On June 21, 2022, the FDIC published a proposal to increase sharply the assessments banks pay for deposit insurance. The assessments are used to build up a reserve that is in turn used to cover losses from insured bank failures. The proposal was prompted by the fact that the ratio of reserves to insured deposits (the “reserve ratio”) had fallen to 1.23 percent, and the FDIC is required by law to maintain a minimum ratio of 1.35 percent or, if short of that target for any reason, adopt a plan to return to the minimum within eight years of the plan’s adoption. Because the FDIC had adopted a plan in September 2020, shortly after the ratio first fell below 1.35 percent, it needs to return the ratio to 1.35 percent by September 2028. The proposal was premised on FDIC analysis indicating that the reserve ratio would not return to 1.35 percent until between the second quarter of 2027 and the third quarter of 2034, depending on the assumptions made, and that the FDIC was therefore at risk of failing to meet its statutory deadline.
In this note, we replicate the FDIC’s projections and then change two assumptions. First, whereas the FDIC assumes that interest earnings and capital gains will be zero over the forecast horizon, we assume that starting in 2022Q3, they will sum to 2½ percent, which is roughly where rates are now and the Federal Open Market Committee’s outlook for the overnight rate over the longer term. Second, whereas the FDIC assumes that deposits will grow at 3½ or 4 percent, we assume that the level of deposits will remain unchanged in the medium term, in line with the fact that deposits are currently contracting and that the factors that have boosted deposits over the past few years have all reversed.
Each of these changes shifts significantly the projected date earlier that the DIF reserve ratio will reach 1.35 percent, and together they move the projected date to the third quarter of next year. For example, using the FDIC’s most pessimistic assumptions and simply assuming that interest earnings and capital gains will be 2½ percent of reserves instead of zero moves the projected date for reaching 1.35 rate nearly nine years earlier than the FDIC’s projection, from 2034Q3 to 2025Q4. If, in addition, deposits are assumed to hold steady at their 2022Q1 level (and they are probably already below that level), the reserve ratio reaches 1.35 percent in the third quarter of next year rather than the third quarter of 2034.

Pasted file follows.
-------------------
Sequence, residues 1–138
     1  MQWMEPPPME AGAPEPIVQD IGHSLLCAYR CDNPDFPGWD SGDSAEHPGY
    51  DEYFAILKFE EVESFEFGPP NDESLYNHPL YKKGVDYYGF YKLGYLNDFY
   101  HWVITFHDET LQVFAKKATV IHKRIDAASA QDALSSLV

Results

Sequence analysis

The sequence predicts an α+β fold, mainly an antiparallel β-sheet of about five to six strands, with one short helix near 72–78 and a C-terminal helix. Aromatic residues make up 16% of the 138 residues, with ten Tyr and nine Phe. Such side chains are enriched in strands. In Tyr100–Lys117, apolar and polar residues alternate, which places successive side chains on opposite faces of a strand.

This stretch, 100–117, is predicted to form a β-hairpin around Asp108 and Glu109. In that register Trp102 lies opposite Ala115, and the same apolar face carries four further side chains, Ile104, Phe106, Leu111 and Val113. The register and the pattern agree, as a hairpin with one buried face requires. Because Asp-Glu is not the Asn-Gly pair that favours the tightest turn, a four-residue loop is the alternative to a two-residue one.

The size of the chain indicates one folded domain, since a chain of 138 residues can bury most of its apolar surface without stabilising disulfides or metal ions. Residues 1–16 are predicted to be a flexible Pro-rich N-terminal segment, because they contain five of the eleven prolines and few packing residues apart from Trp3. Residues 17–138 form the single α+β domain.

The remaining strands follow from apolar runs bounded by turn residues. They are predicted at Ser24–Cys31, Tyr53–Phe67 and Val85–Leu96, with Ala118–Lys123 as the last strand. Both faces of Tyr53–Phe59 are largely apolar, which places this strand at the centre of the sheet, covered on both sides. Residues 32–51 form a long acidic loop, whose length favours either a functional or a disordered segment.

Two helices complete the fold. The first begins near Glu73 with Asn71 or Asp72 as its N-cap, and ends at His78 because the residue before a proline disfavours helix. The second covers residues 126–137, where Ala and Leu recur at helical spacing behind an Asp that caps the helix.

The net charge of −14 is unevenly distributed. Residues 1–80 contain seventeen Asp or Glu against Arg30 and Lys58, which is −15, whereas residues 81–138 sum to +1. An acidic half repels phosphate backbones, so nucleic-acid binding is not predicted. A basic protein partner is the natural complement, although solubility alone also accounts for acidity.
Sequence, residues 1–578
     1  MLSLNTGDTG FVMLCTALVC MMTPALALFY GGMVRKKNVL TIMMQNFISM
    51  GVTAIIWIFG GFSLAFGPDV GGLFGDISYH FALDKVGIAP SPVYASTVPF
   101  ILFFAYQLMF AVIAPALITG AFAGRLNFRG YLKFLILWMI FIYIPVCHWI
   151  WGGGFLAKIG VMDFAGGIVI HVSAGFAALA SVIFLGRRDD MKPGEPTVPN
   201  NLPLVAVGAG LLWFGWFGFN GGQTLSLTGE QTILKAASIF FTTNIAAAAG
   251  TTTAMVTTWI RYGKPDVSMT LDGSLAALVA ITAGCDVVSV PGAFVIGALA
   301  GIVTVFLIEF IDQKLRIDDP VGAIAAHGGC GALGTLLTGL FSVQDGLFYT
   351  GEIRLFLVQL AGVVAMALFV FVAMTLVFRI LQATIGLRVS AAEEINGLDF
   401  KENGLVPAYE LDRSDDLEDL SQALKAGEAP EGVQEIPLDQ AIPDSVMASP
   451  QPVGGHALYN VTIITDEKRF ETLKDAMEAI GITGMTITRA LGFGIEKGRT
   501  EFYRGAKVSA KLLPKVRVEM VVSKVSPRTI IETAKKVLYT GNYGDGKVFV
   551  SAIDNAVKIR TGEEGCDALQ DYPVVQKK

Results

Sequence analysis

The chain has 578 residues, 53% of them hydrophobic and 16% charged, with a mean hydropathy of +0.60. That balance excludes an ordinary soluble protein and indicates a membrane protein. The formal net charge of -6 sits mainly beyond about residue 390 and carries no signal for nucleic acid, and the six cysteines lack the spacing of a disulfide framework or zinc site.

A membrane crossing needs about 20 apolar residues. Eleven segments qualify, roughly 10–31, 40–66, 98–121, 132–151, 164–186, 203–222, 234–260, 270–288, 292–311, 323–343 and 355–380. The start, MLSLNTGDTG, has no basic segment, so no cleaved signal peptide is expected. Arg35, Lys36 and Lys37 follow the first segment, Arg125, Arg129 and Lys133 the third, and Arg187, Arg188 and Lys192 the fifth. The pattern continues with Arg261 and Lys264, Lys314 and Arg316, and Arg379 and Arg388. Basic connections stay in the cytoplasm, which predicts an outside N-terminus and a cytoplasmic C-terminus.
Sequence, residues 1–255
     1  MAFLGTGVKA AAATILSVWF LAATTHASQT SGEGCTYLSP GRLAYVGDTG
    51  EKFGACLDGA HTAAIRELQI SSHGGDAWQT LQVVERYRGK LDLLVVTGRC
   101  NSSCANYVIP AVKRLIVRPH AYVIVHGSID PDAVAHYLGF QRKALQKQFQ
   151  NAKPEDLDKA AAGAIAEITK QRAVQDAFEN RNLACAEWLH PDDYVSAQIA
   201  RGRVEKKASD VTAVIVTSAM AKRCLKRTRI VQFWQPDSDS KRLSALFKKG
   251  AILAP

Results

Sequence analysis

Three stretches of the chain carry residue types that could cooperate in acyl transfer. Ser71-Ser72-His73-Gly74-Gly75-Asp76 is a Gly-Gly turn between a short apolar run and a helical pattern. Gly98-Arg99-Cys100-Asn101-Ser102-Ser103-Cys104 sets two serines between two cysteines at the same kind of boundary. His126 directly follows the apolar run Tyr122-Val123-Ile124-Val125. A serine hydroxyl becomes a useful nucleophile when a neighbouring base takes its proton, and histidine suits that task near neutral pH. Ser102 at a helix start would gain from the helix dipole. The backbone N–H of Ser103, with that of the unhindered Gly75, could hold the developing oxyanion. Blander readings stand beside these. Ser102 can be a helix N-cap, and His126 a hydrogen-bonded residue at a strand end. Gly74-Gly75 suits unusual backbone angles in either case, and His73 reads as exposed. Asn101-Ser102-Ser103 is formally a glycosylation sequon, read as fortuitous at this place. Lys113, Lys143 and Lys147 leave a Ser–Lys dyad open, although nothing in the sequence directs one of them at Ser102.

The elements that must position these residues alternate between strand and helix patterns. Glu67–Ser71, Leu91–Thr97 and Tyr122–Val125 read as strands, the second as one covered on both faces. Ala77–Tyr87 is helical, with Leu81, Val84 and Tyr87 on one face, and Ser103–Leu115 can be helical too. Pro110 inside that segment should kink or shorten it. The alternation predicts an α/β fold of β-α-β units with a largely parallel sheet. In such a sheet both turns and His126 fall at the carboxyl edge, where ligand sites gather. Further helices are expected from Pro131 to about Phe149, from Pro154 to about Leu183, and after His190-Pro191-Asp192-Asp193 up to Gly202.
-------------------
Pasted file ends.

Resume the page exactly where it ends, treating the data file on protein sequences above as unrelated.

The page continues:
In short, the FDIC appears not to have taken into account the significant changes that have taken place this year with respect to interest rates and deposits and the outlook for those variables. If the FDIC’s projections are adjusted for those changes, the reason it proffers for such a sharp increase in assessments evaporates. Rather than doing poorly, the FDIC’s reserve-ratio restoration plan is performing well. The FDIC reassesses the performance of its plan every six months. The Corporation should table its proposed increase and reconsider the situation six months down the road.
The FDIC charges insured depository institutions (henceforth “banks”) assessments that it uses to meet its operating expenses, pay bank failure costs, and maintain a reserve, the Deposit Insurance Fund (DIF). The assessments are calculated as a fraction of each bank’s total liabilities, its “assessment base.” The total fee for each bank is calculated by multiplying its assessment base times an assessment rate. The assessment rate equals a base rate of 2 basis points plus adjustments for financial condition, size, and complexity. For the assessment period ending March 31, 2022, the weighted-average assessment rate was 3.7 basis points. The DIF is invested in Treasury securities, roughly equally divided between bills and notes with maturities of up to five years.
The DIF reserve ratio is the ratio of the DIF to insured deposits. The Federal Deposit Insurance Act requires the FDIC to maintain the reserve ratio at or above 1.35 percent or to implement a restoration plan that will restore the ratio to 1.35 percent within 8 years. This 8-year restoration period is designed to avoid potentially procyclical assessment increases during periods of economic stress in which bank funds would be better spent supporting economic recovery. In the first and second quarters of 2020, deposits increased sharply as businesses and households sought the safety and liquidity of bank deposits; businesses drew down their lines of credit at banks and deposited the line draws; the Federal Reserve bought trillions of dollars of securities from nonbanks; and households and businesses deposited government support checks. That growth drove the reserve ratio below its required level as of June 30, 2020. The FDIC adopted a restoration plan on September 15, 2020; so the ratio must be restored by September 15, 2028.